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Studying the 3D structure of the P falciparum's genome by modeling contact counts as random Negative Binomial variables Varoquaux, Nelle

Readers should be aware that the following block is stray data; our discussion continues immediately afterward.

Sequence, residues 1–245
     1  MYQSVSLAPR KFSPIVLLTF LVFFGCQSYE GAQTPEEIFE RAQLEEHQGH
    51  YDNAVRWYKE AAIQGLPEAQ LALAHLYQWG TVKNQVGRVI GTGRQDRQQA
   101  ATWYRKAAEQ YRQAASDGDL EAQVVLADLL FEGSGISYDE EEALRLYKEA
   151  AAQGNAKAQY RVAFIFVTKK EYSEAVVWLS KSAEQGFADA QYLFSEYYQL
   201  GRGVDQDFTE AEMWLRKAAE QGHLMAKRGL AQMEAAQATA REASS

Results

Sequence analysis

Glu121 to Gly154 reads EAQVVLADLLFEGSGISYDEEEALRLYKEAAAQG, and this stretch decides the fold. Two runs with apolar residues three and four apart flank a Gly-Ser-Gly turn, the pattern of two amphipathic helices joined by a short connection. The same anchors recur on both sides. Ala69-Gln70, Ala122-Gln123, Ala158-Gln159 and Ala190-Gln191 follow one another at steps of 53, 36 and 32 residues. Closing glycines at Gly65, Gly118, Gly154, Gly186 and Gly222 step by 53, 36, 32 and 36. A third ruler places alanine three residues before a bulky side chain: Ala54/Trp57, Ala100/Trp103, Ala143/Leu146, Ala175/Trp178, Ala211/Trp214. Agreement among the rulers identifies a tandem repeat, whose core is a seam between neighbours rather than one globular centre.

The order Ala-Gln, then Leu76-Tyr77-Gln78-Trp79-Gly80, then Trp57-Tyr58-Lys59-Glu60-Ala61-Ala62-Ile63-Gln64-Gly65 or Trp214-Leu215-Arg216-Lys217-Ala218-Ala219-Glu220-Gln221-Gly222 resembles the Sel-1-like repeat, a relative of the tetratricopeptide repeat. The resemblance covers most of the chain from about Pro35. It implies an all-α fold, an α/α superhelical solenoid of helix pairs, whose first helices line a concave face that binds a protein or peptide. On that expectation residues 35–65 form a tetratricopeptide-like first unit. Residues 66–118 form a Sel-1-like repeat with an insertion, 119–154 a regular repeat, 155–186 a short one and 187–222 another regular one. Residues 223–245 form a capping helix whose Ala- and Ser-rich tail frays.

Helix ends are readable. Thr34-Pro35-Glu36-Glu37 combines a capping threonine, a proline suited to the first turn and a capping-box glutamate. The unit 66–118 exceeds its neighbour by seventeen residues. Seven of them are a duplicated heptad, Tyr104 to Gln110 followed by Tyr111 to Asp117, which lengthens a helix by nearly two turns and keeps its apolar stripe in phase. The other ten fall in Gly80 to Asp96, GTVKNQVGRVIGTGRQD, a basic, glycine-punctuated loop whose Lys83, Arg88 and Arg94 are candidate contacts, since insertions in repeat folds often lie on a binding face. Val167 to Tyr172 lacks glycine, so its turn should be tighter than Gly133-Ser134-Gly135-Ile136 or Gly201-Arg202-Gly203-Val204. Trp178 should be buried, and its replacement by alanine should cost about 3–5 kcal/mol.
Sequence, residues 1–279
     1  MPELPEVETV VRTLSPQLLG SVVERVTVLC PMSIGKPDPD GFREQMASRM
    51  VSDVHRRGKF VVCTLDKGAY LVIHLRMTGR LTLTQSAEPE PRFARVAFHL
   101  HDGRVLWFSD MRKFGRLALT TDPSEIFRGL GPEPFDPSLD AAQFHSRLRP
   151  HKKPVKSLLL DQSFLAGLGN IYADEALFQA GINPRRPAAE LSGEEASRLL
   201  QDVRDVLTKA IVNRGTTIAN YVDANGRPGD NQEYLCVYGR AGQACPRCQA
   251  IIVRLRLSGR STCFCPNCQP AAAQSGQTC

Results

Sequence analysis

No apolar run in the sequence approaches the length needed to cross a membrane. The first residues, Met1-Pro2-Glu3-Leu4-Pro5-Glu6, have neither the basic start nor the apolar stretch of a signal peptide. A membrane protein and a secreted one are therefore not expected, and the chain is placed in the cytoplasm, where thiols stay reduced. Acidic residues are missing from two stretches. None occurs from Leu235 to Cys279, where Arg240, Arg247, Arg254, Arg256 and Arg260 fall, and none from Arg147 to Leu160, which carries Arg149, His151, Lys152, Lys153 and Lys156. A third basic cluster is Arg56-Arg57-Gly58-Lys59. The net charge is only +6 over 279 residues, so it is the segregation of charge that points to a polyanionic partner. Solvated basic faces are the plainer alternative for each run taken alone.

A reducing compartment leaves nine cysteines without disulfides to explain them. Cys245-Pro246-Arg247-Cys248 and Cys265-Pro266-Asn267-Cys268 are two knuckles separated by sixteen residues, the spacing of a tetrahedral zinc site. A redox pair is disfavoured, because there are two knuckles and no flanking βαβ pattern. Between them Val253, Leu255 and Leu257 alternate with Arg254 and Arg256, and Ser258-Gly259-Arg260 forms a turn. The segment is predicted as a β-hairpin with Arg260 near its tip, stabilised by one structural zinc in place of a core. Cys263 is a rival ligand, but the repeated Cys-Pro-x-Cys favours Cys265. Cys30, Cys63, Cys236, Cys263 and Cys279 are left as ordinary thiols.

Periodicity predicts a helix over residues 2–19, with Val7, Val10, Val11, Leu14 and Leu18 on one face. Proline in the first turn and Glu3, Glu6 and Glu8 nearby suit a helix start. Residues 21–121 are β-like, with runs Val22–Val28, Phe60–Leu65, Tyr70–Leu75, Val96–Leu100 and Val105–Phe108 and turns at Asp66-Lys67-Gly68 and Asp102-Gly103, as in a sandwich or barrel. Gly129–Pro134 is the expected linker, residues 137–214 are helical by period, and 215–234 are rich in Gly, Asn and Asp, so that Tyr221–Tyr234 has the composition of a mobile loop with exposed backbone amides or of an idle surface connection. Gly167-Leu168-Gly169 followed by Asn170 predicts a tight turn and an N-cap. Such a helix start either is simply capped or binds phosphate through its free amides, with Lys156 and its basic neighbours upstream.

The spatial and temporal organization of the 3D structure of chromosomes is thought to have an important role in genomic function, but is poorly understood. For example, there is a relative paucity of specific transcription factors, and an abundance of chromatin remodeling enzyme in the deadly human parasite P. falciparum. This points towards the involvement of global and local chromatin structure to control gene expression. Recent advances in chromosomes conformation capture (3C) technologies, initially developed to assess interactions between specific pairs of loci, allow one to simultaneously measure multiple contacts on a genome scale, paving the way for more systematic and genome-wide analysis of the 3D architecture of the genome. These new Hi-C techniques result in a genome-wide contact map, a matrix indicating the contact frequency between pairs of loci. I will present here the computational methods we developed to study the 3D organization of the parasite P. falciparum's genome using these contact maps, as well as how we uncovered the 3D structure of the parasite as a critical regulator for transcription and virulence factors in the human malaria parasite. I will discuss how appropriate modeling of contact counts as random Negative Binomial variables allowed us to build robust and accurate 3D models of the genome, as well as to perform differential analysis of the contact maps across different timepoints.

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